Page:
CHEM 101L Chapter Notes - Chapter 1.0: Rutherford Model, Electric Field, Niels Bohr

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CHEM 101: The History of the Foundations of Chemistry and the Concepts of
Early Modern Greeks into the Development of Modern Chemistry
The early Greeks, mainly that of Democritus and his master Theocritus,
conceptualized that everything in the universe was made up of very small
unbreakable particles and empty space. They called that small particle an
atomos , the Greek word meaning a substance that cannot be broken down
any further, and that concept became the foundations of modern chemistry in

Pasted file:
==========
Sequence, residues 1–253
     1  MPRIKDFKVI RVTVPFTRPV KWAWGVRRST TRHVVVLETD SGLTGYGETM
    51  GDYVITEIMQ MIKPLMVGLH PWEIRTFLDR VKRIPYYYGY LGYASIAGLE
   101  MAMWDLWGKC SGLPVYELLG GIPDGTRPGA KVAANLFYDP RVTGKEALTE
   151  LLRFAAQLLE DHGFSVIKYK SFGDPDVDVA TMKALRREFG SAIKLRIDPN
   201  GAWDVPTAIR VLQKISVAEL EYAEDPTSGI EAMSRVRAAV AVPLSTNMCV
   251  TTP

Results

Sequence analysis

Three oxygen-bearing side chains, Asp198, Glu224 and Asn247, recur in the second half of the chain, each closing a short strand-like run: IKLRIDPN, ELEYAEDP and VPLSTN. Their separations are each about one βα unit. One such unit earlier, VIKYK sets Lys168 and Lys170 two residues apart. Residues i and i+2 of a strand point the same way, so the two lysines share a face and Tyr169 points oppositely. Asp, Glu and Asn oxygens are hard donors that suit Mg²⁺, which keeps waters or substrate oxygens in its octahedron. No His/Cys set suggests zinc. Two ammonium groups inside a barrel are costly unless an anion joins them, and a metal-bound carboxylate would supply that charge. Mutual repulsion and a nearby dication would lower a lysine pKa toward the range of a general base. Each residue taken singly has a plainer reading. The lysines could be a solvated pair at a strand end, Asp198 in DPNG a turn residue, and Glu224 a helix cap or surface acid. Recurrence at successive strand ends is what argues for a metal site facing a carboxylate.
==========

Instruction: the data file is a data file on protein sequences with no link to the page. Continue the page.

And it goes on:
the 19th century and became to what we know as an atom. The more prevalent
philosophers of the time, Plato and Aristotle, did not believe in such a concept,
and as Democritus and Theocritus could not support their theory, this notion
of an “atom” was left behind until its re-implication into modern chemistry in
the early 19th century.
In 1808, modern chemist John Dalton created the fundamental understanding
of modern chemistry known as the Atomic Theory. The Atomic theory states 4
very simple things: 1. Each element is made up of small indestructible
particles called atoms. 2. The mass of an atom distinguishes the difference
between elements. 3. Atoms combine in simple whole ratio numbers in order
to create new molecules. 4. Atoms of one element cannot change into an atom
of another element.
From there, other laws were established by other chemists. Chemist Joseph
Proust established the Law of Definite Proportions that states that the
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